On my 1996 XJ6 the wishbone bushes need replacing. The top ones seem straight forward, but the bottom ones seem a little more involved. Am I right in assuming that I need to
a) Remove the tie rods to get the fulcrum bolt out. Is that sufficient, or does the steering rack need to be removed?
b) Build a spring compressor tool to remove the spring and bottom spring pan? Or maybe that is not necessary, I was thinking if I replace the pan bolts one by one with long rods, support the pan with a jack and then release the jack, the pan would be guide down by the rods until the spring is decompressed. I am a little scared of a little pin holding a threaded rod in place with the full load of the spring on it…
And I have decided to go with a belt and braces approach on the springs. The huge amount of energy stored in the spring scares me. So I am building a spring tensioner (will post pictures) and will replace the spring pan bolts with rods with nuts on them and will gradually move the nuts while decompressing the spring with the tensioner. So the spring can’t go anywhere should the tensioner let go.
Having done numerous spring off/on jobs on XJ40, XJR and old ‘S’ types using the threaded rod through the middle of the spring, using a roll pin as the top anchor I have no doubt that done correctly its a no brainer, I would personally not use plain rods and a jack to remove the spring, I like having the rod through the middle as the spring cannot go sideways.
I made a spring compressor when working on my front suspension a few years ago and I did this by using a large threaded rod and drilled a hole through one end and used a long bolt shaft as the cross piece. At the other end a suitable nut and a number of thick washers. All this was well greased.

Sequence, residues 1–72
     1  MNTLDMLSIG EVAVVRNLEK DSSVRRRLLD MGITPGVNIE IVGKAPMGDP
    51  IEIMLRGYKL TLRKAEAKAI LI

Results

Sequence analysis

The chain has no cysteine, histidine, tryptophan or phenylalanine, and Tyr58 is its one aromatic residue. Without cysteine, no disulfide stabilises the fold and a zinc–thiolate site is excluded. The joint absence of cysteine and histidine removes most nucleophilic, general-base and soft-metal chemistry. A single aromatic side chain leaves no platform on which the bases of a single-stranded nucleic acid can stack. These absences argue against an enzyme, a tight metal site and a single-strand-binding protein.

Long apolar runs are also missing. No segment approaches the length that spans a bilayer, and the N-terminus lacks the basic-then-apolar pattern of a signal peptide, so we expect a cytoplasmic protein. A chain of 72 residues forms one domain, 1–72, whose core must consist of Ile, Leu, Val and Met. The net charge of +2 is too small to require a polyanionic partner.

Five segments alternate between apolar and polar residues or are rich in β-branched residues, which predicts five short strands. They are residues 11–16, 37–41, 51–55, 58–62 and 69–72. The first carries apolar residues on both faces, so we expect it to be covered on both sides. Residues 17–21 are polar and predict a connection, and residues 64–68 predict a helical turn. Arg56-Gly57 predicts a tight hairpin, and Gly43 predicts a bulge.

I used a 3/4" threaded rod 22” long and the cross piece was a 5/16" bolt shaft 1 & 7/16" long.
The cross piece has to be short enough to pass through the hole in the spring pan and the top spring mount and long enough to fit securely into the notches in the top mount.
The large diameter of the threaded rod will prevent it moving sideways enough to dislodge and cause grief.
The compressor has to be passed up through the spring pan and top mount with the cross piece aligned across the car and then turned 90 deg to engage in the top spring mount.
When reassembling the lot I used a bolt shaft with the head removed screwed into the lower suspension arm to guide the spring pan onto it.
With the load off the suspension the spring pan only has to be lowered a couple of inches before the spring load is zero. In the pic below, with the spring compressor installed, the nut is only finger tight.
I also made up the threaded rod compressor, had a hole drilled at the top for a pin, got the assembly loose, then replaced the lower ball joint. Suggest having a second person with some common sense watching the procedure as you work on it.